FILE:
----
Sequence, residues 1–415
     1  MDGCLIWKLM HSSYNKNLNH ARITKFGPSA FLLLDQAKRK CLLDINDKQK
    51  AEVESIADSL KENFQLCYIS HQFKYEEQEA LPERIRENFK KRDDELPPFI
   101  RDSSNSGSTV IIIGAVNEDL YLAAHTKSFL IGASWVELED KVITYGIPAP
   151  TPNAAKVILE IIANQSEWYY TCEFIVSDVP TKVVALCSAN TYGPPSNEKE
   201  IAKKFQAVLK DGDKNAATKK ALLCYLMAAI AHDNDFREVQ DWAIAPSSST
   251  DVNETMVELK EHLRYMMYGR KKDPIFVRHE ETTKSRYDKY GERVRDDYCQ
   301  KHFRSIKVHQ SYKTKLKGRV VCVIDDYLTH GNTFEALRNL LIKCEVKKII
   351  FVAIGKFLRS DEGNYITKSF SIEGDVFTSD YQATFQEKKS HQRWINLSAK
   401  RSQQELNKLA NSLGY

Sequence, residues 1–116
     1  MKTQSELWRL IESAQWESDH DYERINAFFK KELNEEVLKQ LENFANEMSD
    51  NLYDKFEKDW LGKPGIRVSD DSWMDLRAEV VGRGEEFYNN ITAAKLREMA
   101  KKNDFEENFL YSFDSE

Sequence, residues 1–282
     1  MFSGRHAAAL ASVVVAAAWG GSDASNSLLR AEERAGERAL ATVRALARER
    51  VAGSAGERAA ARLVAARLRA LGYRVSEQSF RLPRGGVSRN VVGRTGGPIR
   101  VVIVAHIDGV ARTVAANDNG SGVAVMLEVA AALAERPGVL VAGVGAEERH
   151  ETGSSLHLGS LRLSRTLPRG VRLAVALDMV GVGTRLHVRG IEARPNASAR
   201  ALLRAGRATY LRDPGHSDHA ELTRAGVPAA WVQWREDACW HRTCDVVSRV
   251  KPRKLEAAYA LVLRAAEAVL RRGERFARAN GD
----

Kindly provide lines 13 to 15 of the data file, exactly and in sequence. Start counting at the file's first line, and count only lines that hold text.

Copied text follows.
    51  NLYDKFEKDW LGKPGIRVSD DSWMDLRAEV VGRGEEFYNN ITAAKLREMA
   101  KKNDFEENFL YSFDSE

Sequence, residues 1–282